I detest anyone who takes credit for my ideas and work. In India, it was very common. There weren’t any consequences for idea-stealers. Whereas in America copying something without permission and acknowledgment falls under plagiarization.
Growing up, my mother would take my thoughts and make them her own. At that time, I didn’t see it as stealing, I was just happy that an adult was verbalizing my thoughts.
My younger sister would take my drawings and class-posters and submit them as her own in high-school. My parents had a simple explanation. Me–the dumb one—was helping my sister so she doesn’t have to spend her precious time on useless things like art, so she could get the highest grades in school. She got the highest grades; I received the lowest grades.
My idea-stealers were most active in architecture school. Every week for every class, we presented our designs for critique. We went in alphabetical order of our last name. Fifteen students were critiqued on the first week; the remaining fifteen presented next week. It was a biased system, as the second half of the class got an extra week to work on their projects.
I was always the second person to present. My classmate, let’s call him M, would take the interesting elements of others and my designs and copied them into his design. M plagiarized every project for five years. We would taunt him; the professors would snigger at him, but M continued to steal others ideas and make them his own without any consequences. Four years ago from Facebook, I find that M is a practicing architect. Nowadays, he must be copying designs from architecture magazines and brochures.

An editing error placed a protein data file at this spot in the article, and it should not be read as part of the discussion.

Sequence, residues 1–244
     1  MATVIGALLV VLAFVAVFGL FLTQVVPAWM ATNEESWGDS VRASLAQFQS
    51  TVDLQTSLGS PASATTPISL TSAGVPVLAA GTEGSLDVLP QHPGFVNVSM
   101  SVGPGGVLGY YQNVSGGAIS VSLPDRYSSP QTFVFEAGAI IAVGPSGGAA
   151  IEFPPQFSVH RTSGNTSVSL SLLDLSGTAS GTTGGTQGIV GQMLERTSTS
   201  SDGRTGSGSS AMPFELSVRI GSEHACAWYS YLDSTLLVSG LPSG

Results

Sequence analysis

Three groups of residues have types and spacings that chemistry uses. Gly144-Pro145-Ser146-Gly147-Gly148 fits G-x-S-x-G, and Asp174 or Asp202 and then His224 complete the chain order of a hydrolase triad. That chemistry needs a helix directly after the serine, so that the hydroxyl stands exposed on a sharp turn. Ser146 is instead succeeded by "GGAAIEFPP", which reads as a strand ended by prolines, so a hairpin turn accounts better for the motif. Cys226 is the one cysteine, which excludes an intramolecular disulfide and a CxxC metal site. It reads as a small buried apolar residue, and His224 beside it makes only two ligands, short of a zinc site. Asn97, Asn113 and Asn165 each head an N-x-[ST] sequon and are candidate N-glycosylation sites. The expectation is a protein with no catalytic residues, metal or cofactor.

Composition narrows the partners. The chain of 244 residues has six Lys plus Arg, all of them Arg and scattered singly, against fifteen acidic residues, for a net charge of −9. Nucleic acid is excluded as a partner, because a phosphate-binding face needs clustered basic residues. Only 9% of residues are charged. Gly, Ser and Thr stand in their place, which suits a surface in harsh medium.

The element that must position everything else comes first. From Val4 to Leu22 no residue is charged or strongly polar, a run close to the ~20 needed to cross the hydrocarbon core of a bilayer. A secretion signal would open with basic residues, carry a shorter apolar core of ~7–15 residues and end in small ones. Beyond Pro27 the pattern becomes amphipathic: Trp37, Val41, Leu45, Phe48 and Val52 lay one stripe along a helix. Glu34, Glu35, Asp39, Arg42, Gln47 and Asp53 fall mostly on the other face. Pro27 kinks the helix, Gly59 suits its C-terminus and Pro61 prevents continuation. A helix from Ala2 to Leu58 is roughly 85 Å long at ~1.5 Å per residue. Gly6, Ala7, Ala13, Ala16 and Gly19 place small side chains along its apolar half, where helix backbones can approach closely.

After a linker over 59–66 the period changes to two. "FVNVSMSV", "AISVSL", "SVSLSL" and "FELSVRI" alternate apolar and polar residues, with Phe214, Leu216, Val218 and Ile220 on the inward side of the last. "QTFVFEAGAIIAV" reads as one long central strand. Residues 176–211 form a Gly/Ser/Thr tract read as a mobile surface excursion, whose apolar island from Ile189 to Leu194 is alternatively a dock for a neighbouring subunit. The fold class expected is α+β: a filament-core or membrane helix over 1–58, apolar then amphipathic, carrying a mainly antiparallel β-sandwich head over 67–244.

Then there was A, who sat behind me in exams. For five years, he copied my designs in the final exams. Today, this copycat is practicing in South of India.
My biggest blow came at my first job at Premnath & Associates in Bombay. There I met my four-year senior from architecture school. She would take my ideas and present them as her own. When I rebelled, she made my life miserable. As I write this, I am tempted to her nasty messages via Facebook.
I thought that once I moved to other architecture firms, I would get rid of such cheaters. But India was full of copycats. For the next decade, in every architecture firm, every senior would take my designs and make them their own. I won two architecture design competitions, but my boss got the credit and applauds. I didn’t even get a bonus. If I had complained, I could have been fired. That was the way of things in India. There was nothing I could do about those cheats.
Twelve years ago, during my grad school in Texas, I learned that in the American education system there was an Honor code and that plagiarism was a crime. It was a relief which lasted only a few days. One of my classmates–a Texan, who was a kind friend, and who was the greatest ass-kisser of the department chair–would simply copy my answers and designs. This went on for three years. I was an international student on a student visa. I didn’t share this with anyone as I was afraid that if I complained, I would get in trouble. Snitches never go free, do they? Of course, today on reflection, I wish I had said something. But today I am wiser and stronger and understand that America is not as corrupt as India.
Over the years, none of my coworkers tried to make their ideas mine. I find that people in the US are pretty cautious of plagiarization. But then you still have Indians in America.